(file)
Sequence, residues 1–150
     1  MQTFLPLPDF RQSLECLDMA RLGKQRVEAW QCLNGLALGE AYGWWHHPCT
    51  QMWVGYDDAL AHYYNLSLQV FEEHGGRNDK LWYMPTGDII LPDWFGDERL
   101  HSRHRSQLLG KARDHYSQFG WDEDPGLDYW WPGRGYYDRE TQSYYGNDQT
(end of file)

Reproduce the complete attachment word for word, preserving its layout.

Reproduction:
Sequence, residues 1–150
     1  MQTFLPLPDF RQSLECLDMA RLGKQRVEAW QCLNGLALGE AYGWWHHPCT
    51  QMWVGYDDAL AHYYNLSLQV FEEHGGRNDK LWYMPTGDII LPDWFGDERL
   101  HSRHRSQLLG KARDHYSQFG WDEDPGLDYW WPGRGYYDRE TQSYYGNDQT